DCSIMG

Limerick City Hall’s €1m parking profit

A traffic warden giving a car a parking ticket on Davis Street in Limerick (LL)

A traffic warden giving a car a parking ticket on Davis Street in Limerick (LL)

  • by Nick Rabbitts
 

LIMERICK City Council made a profit of almost €1m on parking enforcement in 2013, new figures have shown.

City businessman Michael O’Connor has accused the council of “tearing the gut out of” small firms, after statistics obtained by the Limerick Leader revealed the council generated €1.7m from traffic fines and sales of parking discs.

In return the local authority paid out around €798,920.

This leaves a profit of €960,334 - and business owners say they are counting the cost.

Many have cited the speed at which parking tickets - which carry an initial €40 fine - are handed out as one of the reasons trade in the centre has dropped.

Limerick City Council paid out some €273,858 in wages to five traffic wardens last year, while it spent €13,000 on ‘uniforms and equipment’ for the enforcement staff, the latest accounts show.

City Council also spent €188,000 on a new traffic fine management system, although this was a once-off payment.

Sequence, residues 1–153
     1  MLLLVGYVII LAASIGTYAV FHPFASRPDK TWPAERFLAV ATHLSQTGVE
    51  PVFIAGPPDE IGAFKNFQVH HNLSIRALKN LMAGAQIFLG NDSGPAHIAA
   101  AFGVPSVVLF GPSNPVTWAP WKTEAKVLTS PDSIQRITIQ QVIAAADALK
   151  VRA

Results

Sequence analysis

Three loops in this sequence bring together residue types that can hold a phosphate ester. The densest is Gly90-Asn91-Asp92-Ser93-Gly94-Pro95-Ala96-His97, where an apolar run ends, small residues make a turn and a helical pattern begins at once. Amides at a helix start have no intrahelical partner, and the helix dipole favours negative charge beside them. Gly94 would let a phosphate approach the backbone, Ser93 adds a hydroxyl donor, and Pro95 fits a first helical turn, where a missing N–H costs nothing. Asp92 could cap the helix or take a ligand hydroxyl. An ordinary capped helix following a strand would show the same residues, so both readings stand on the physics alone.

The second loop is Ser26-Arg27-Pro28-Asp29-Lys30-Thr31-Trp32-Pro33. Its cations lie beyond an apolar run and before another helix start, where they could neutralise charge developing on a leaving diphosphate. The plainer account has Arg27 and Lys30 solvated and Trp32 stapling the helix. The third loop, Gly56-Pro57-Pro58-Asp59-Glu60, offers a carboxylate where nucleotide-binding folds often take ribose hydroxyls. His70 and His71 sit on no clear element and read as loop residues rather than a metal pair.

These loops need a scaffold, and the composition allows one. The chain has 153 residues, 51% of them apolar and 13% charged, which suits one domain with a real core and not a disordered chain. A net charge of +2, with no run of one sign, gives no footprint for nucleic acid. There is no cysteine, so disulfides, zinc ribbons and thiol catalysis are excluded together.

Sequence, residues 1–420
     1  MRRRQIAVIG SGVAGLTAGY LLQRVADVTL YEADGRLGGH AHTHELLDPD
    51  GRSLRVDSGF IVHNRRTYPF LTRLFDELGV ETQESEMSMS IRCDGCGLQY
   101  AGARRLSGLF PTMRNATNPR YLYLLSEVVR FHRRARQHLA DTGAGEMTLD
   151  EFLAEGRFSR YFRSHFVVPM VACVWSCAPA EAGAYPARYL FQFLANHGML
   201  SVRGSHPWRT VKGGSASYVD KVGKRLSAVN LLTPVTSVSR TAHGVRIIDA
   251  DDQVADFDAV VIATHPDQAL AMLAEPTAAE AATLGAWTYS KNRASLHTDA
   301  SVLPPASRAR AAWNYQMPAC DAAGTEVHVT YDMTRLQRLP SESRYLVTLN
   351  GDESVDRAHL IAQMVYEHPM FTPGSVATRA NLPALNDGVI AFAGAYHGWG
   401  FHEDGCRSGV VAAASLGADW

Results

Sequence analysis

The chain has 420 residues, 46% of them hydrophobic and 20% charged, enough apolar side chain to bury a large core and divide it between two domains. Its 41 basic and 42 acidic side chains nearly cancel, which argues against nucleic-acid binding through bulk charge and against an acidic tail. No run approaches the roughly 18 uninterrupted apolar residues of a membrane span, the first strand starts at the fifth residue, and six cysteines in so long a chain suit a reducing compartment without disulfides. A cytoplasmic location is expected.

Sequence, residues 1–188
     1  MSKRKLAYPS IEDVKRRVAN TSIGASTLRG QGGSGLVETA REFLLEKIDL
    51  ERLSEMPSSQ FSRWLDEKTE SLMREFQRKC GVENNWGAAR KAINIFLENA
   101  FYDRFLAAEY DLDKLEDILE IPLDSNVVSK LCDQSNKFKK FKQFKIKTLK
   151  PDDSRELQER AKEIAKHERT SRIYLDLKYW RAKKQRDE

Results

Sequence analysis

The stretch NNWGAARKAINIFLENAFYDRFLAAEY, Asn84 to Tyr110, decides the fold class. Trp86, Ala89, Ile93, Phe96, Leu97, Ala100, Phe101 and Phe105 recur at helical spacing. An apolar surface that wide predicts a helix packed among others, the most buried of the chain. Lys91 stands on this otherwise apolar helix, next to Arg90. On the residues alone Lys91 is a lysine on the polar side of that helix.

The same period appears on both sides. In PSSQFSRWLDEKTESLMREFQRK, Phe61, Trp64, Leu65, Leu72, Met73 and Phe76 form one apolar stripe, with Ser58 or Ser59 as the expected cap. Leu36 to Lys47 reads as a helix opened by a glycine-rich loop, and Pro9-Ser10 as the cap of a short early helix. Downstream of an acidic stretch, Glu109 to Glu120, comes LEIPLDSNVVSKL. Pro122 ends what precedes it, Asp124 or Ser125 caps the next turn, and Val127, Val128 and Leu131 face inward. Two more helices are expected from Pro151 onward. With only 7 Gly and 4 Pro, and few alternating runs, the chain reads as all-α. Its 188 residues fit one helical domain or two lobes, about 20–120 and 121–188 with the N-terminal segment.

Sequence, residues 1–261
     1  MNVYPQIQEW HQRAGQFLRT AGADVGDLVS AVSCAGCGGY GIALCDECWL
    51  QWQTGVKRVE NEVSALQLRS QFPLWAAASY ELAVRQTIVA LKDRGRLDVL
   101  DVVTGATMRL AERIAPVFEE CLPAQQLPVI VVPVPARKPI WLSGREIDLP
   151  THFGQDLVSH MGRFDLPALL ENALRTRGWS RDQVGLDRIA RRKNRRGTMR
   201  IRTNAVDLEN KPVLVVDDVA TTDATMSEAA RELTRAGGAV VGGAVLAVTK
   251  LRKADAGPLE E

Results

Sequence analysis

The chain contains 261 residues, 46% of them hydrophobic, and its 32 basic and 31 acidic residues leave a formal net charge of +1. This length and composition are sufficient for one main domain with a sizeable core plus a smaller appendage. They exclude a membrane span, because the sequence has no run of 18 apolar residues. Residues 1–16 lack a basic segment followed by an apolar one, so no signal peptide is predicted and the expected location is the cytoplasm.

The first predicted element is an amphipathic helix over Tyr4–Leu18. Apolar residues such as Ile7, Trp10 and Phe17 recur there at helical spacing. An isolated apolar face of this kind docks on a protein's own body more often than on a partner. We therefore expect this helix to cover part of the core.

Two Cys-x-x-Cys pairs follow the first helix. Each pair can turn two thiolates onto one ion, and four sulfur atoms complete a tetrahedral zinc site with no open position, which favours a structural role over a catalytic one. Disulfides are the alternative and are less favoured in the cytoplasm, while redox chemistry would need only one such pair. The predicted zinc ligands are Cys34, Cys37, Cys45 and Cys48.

Mr O’Connor - who has traded at his menswear store in Catherine Street for almost 30 years - said he was unsurprised by the figures.

“Nothing surprises me with Limerick City Council: they have been doing everything wrong. I am not afraid of saying it: they have torn the gut out of small businesses in Limerick.”

He added: “Our turnover is down. There is myself, and two staff with young families. We were looking to take a third member of staff on, but have not been able to do so.”

Michael Gleeson, of Gleeson’s Shoes in William Street, called for a fresh approach to the problem of parking.

Now Limerick City Council is effectively merged with County Council, he thinks that co-operation should lead to a park and ride facility in the suburbs.

Failing this, he said: “Clean up eight derelict sites in Limerick and provide free car parking there for two or three years: I think we would get trade and footfall back into Limerick then.”

He admitted he is scared traffic wardens “frighten people off”.

“The inspectors have been very active, and have been about very early in the morning, when it doesn’t seem that necessary,” he told the Limerick Leader.

 

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